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Logo of bbprBiochemistry and Biophysics Reports
 
Biochem Biophys Rep. 2017 July; 10: 237–251.
Published online 2017 April 23. doi:  10.1016/j.bbrep.2017.04.008
PMCID: PMC5614679

Preparation and characterization of cockle shell aragonite nanocomposite porous 3D scaffolds for bone repair

Abstract

The demands for applicable tissue-engineered scaffolds that can be used to repair load-bearing segmental bone defects (SBDs) is vital and in increasing demand. In this study, seven different combinations of 3 dimensional (3D) novel nanocomposite porous structured scaffolds were fabricated to rebuild SBDs using an extraordinary blend of cockle shells (CaCo3) nanoparticles (CCN), gelatin, dextran and dextrin to structure an ideal bone scaffold with adequate degradation rate using the Freeze Drying Method (FDM) and labeled as 5211, 5400, 6211, 6300, 7101, 7200 and 8100. The micron sized cockle shells powder obtained (75 µm) was made into nanoparticles using mechano-chemical, top-down method of nanoparticles synthesis with the presence of the surfactant BS-12 (dodecyl dimethyl bataine). The phase purity and crystallographic structures, the chemical functionality and the thermal characterization of the scaffolds’ powder were recognized using X-Ray Diffractometer (XRD), Fourier transform infrared (FTIR) spectrophotometer and Differential Scanning Calorimetry (DSC) respectively. Characterizations of the scaffolds were assessed by Scanning Electron Microscopy (SEM), Degradation Manner, Water Absorption Test, Swelling Test, Mechanical Test and Porosity Test. Top-down method produced cockle shell nanoparticles having averagely range 37.8±3–55.2±9 nm in size, which were determined using Transmission Electron Microscope (TEM). A mainly aragonite form of calcium carbonate was identified in both XRD and FTIR for all scaffolds, while the melting (Tm) and transition (Tg) temperatures were identified using DSC with the range of Tm 62.4–75.5 °C and of Tg 230.6–232.5 °C. The newly prepared scaffolds were with the following characteristics: (i) good biocompatibility and biodegradability, (ii) appropriate surface chemistry and (iii) highly porous, with interconnected pore network. Engineering analyses showed that scaffold 5211 possessed 3D interconnected homogenous porous structure with a porosity of about 49%, pore sizes ranging from 8.97 to 337 µm, mechanical strength 20.3 MPa, Young's Modulus 271±63 MPa and enzymatic degradation rate 22.7 within 14 days.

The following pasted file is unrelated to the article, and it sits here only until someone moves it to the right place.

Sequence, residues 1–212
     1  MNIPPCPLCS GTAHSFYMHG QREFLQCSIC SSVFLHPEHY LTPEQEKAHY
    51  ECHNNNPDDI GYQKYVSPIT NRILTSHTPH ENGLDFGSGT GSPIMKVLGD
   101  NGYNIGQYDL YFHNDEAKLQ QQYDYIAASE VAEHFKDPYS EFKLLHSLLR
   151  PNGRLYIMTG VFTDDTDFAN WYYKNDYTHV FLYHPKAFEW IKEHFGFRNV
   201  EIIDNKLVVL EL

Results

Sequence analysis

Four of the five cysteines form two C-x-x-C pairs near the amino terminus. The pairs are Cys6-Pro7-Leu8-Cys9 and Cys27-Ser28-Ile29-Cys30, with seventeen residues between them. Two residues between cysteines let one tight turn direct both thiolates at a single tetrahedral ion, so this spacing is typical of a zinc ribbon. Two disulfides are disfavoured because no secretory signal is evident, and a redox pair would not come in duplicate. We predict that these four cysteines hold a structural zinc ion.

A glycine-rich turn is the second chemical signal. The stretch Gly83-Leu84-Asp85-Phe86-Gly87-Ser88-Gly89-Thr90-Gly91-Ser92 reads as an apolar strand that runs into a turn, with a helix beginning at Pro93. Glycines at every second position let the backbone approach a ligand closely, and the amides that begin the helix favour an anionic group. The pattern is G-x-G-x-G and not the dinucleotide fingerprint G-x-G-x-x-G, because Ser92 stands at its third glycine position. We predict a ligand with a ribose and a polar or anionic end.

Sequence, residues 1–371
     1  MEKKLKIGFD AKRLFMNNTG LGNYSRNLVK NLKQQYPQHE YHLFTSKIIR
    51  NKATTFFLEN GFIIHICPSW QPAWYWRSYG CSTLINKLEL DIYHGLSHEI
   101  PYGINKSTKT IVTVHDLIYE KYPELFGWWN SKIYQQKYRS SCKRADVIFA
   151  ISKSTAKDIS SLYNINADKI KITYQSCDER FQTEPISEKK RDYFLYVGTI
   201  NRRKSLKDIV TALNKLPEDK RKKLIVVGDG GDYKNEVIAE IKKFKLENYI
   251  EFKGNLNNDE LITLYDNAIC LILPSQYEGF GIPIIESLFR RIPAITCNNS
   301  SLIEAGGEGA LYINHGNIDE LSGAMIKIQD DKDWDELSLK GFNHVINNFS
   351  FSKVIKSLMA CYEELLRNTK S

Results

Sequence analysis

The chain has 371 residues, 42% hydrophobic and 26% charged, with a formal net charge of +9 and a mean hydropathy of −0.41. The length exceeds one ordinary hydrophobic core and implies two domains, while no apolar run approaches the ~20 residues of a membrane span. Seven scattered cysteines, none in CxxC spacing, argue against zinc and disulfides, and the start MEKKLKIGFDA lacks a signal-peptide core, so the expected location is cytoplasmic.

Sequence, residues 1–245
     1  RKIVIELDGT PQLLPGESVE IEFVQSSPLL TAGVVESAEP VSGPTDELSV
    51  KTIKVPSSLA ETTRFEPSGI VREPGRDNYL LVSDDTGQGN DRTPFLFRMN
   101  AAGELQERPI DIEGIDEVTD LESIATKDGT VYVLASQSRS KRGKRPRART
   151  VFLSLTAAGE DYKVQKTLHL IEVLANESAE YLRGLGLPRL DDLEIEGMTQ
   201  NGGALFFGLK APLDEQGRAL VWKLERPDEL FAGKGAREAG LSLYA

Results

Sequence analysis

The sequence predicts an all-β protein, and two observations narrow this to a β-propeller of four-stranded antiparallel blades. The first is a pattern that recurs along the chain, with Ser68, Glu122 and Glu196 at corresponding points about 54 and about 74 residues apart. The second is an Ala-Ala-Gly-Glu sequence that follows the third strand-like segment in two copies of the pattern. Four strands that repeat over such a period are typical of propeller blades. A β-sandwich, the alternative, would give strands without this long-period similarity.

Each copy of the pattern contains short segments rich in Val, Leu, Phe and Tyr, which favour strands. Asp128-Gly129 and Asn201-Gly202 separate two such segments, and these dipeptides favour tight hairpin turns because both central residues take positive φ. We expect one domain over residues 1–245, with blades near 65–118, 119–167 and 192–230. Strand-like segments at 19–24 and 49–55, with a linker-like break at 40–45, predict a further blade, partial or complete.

Abbreviations: SBD, Segmental Bone Defects; 3D, 3 Dimensional; CaCO3, Calcium carbonate; CCN, Calcium Carbonate Nanoparticles; FDM, Freeze Drying Method; 5211, cockle shells nanoparticles 50%, gelatin 25%, dextran 10%, and dextrin 15%; 5400, cockle shells nanoparticles 50%, gelatin 40%, dextran 5%, and dextrin 5%.; 6211, cockle shells nanoparticles 60%, gelatin 20%, dextran 10%, and dextrin 10%; 6300, cockle shells nanoparticles 60%, gelatin 30%, dextran 5%, and dextrin 5%; 7101, cockle shells nanoparticles 70%, gelatin 15%, dextran 5%, and dextrin 10%; 7200, cockle shells nanoparticles 70%, gelatin 20%, dextran 5%, and dextrin 5%; 8100, cockle shells nanoparticles 80%, gelatin 10%, dextran 5%, and dextrin 5%; µm, Micrometer; BS-12, dodecyl dimethyl bataine; XRD, X-Ray Diffraction; FTIR, Fourier Transform Infrared; DSC, Differential Scanning Calorimetry; SEM, Scanning Electron Microscopy; nm, Nanometer; TEM, Transmission Electron Microscopy; Tm, Melting Temperature; °C, Degree Celsius; Tg, Glass transition Temperature; %, Percentage; MPa, Megapascals (MPa or N/mm2) pascal (Pa) unit=one Newton per square meter; ECM, Extracellular Matrix; HA, Hydroxyapatite; Ca10PO46OH2, Chemical structure of Hydroxyapatite; NC, Natural coral; mL, Milliliter; DW, Deionized Water; min, Minutes; cm, Centimeter; Wd, Dry Weight; R, Radius; T, Thickness; Ww, Wet Weight; Pet, Density of Ethanol; PBS, Phosphate Buffer Solution; W1, Dry Weight; W2, Wet Weight; U/mL, Unit per milliliter; W0, Dry Weight (Initial Weight); ANOVA, One-Way Analysis of Variance; ACN, Aragonite Calcium Carbonate Nanoparticles; S.E., Standard Error; C-H, Carbon-Hydrogen group; C-O, Carbon-Oxygen group; JCPDS, Joint Committee of Powder Diffraction Society; Hf, Heat of fusion